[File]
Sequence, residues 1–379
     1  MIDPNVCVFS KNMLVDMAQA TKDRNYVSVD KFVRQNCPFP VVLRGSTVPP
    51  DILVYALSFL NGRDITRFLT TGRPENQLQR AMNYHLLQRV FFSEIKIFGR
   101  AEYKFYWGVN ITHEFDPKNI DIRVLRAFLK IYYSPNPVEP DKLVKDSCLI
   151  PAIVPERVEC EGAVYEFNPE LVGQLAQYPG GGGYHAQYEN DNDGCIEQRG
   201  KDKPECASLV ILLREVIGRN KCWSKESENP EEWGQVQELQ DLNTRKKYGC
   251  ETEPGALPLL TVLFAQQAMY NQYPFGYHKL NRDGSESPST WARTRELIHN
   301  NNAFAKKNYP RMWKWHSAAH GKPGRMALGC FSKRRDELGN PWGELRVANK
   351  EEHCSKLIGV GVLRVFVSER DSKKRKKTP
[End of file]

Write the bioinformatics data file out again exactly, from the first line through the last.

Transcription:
Sequence, residues 1–379
     1  MIDPNVCVFS KNMLVDMAQA TKDRNYVSVD KFVRQNCPFP VVLRGSTVPP
    51  DILVYALSFL NGRDITRFLT TGRPENQLQR AMNYHLLQRV FFSEIKIFGR
   101  AEYKFYWGVN ITHEFDPKNI DIRVLRAFLK IYYSPNPVEP DKLVKDSCLI
   151  PAIVPERVEC EGAVYEFNPE LVGQLAQYPG GGGYHAQYEN DNDGCIEQRG
   201  KDKPECASLV ILLREVIGRN KCWSKESENP EEWGQVQELQ DLNTRKKYGC
   251  ETEPGALPLL TVLFAQQAMY NQYPFGYHKL NRDGSESPST WARTRELIHN
   301  NNAFAKKNYP RMWKWHSAAH GKPGRMALGC FSKRRDELGN PWGELRVANK
   351  EEHCSKLIGV GVLRVFVSER DSKKRKKTP